Scientists have spotted a huge object flying past Earth and, believe it or not, they reckon it could be an alien spacecraft.
They originally thought the massive, cigar-shaped object was just a weird asteroid but, after a little more research, scientists are now saying it could actually be an artefact from an alien civilisation. They also say it's the first visitor from another part of the galaxy to enter into our own solar system.
The mysterious flying object, which has now been named Oumuamua, was first spotted by astronomers from the University of Hawaii when it flew past in October. It's hundreds of metres long but only one tenth as wide. That's what made scientists think twice about it being an asteroid, which don't usually come in such unusual forms.
Some researchers then went as far as to say that the shape would be useful for a long-distance spacecraft, due to its dimensions minimising the chance of being hit by interstellar gas and dust.
Researchers from the Search for Extra-Terrestrial Intelligence (Seti) are now getting ready with a powerful telescope to look into Oumuamua, which is named after the Hawaiian word for 'scout' or 'messenger'.
A team from the $100 million (£75 million) Seti project, Breakthrough Listen, launched by Russian digital tech mogul Yuri Milner in 2015, will use the Green Bank radio telescope in West Virginia in the United States.
Lead scientist Dr Andrew Siemion, director of the Berkeley Seti Research Centre in California, said: "Oumuamua's presence within our solar system affords Breakthrough Listen an opportunity to reach unprecedented sensitivities to possible artificial transmitters and demonstrate our ability to track nearby, fast-moving objects.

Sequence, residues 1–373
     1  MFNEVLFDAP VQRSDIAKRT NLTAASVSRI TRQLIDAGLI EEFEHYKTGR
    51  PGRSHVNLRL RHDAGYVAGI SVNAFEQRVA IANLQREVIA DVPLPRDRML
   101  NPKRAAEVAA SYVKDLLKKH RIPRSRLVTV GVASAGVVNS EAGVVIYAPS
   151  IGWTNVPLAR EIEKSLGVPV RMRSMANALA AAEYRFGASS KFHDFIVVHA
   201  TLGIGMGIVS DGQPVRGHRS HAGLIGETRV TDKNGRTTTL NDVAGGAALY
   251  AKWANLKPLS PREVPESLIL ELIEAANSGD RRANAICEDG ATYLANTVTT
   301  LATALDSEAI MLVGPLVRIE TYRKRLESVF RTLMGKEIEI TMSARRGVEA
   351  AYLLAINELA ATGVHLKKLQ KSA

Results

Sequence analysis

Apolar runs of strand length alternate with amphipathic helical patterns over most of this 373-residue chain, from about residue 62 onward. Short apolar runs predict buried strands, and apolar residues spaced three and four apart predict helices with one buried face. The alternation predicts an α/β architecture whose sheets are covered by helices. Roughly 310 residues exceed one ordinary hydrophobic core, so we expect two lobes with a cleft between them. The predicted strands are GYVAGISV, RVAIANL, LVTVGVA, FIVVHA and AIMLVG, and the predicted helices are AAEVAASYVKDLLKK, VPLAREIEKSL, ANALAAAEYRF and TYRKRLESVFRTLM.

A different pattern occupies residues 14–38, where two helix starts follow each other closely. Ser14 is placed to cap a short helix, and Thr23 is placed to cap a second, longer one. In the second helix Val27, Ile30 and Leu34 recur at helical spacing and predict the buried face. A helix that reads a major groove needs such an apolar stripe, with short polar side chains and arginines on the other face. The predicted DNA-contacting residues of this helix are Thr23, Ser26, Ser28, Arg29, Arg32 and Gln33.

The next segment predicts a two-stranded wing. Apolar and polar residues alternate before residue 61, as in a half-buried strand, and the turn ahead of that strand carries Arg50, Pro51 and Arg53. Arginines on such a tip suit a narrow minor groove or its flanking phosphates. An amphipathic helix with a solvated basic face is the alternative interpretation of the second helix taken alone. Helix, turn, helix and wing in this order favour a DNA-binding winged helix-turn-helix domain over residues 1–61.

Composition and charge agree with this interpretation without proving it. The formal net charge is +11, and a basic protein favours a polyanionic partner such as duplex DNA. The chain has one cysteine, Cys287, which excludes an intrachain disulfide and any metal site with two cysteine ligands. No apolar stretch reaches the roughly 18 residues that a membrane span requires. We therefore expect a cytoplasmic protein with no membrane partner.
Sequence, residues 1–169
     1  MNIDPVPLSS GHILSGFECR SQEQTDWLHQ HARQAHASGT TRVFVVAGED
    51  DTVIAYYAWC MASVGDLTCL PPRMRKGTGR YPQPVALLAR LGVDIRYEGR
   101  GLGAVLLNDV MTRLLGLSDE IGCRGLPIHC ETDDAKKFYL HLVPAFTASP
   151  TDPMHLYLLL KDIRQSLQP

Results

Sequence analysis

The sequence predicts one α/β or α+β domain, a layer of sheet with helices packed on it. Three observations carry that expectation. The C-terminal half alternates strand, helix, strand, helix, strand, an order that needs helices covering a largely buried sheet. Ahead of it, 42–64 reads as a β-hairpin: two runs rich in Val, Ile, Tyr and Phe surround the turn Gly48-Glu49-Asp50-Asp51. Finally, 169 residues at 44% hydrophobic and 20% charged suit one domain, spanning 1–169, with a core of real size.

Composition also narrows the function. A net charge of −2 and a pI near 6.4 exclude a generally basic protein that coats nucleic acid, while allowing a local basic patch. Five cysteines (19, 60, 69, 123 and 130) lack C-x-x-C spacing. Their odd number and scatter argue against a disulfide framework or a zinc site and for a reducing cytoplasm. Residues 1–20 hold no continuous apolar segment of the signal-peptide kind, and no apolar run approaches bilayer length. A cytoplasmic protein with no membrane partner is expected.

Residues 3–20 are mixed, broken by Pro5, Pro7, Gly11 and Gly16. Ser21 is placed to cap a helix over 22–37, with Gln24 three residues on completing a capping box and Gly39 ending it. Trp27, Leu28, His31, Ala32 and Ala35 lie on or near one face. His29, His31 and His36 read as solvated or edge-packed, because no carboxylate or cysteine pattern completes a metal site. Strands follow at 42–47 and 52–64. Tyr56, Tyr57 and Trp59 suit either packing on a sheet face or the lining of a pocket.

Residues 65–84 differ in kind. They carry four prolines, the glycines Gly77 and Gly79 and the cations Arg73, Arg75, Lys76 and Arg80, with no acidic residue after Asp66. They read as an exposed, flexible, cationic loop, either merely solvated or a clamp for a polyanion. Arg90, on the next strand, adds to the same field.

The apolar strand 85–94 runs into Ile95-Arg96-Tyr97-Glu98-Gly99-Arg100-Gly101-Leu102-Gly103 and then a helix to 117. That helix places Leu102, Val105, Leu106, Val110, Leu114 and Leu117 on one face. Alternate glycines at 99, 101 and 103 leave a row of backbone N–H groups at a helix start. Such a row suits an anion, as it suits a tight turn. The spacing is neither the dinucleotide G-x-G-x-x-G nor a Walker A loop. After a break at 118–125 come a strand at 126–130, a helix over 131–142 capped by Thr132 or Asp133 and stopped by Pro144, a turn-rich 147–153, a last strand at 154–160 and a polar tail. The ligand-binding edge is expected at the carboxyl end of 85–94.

"Whether this object turns out to be artificial or natural, it's a great target for Listen."
A statement from Breakthrough Listen said: "Researchers working on long-distance space transportation have previously suggested that a cigar or needle shape is the most likely architecture for an interstellar spacecraft, since this would minimise friction and damage from interstellar gas and dust.
"While a natural origin is more likely, there is currently no consensus on what that origin might have been, and Breakthrough Listen is well positioned to explore the possibility that Oumuamua could be an artefact."
At the moment, Oumuamua is currently about two astronomical units from Earth - twice the distance between the Earth and the Sun - meaning it would take less than a minute for the Green Bank telescope to detect an omnidirectional transmitter with the power of a mobile phone.
Even if it doesn't find any swanky alien technology, the search could at least provide information about gases surrounding the object, as well as the presence or absence of water.
What are you waiting for, LADs?!
Featured Image Credit: Wikimedia Commons